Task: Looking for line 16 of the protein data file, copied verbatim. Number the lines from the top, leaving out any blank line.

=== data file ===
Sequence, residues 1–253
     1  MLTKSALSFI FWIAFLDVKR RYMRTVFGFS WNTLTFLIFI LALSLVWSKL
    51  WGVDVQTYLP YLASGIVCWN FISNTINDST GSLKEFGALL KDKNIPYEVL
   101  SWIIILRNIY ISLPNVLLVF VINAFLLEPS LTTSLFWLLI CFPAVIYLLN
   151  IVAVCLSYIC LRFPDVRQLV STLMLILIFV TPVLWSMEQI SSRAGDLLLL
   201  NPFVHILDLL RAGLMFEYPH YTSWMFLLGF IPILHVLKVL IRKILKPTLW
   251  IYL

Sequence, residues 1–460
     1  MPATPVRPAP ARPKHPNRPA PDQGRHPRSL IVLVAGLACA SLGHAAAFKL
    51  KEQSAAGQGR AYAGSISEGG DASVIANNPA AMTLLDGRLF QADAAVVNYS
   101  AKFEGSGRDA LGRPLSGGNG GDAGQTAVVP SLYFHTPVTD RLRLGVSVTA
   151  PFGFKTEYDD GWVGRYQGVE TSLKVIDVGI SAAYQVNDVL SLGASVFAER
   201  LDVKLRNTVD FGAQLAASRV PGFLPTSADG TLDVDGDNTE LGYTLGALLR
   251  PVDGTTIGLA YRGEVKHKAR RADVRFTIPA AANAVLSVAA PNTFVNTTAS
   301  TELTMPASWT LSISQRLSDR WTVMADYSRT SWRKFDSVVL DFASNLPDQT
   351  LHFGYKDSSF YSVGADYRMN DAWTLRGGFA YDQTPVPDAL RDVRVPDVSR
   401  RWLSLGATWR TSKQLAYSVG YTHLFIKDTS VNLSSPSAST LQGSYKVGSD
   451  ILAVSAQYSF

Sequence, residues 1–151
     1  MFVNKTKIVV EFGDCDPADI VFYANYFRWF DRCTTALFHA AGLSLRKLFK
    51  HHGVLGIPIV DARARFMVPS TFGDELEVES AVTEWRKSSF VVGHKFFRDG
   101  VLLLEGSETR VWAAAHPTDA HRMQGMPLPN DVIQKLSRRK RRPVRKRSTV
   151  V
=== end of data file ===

   351  LHFGYKDSSF YSVGADYRMN DAWTLRGGFA YDQTPVPDAL RDVRVPDVSR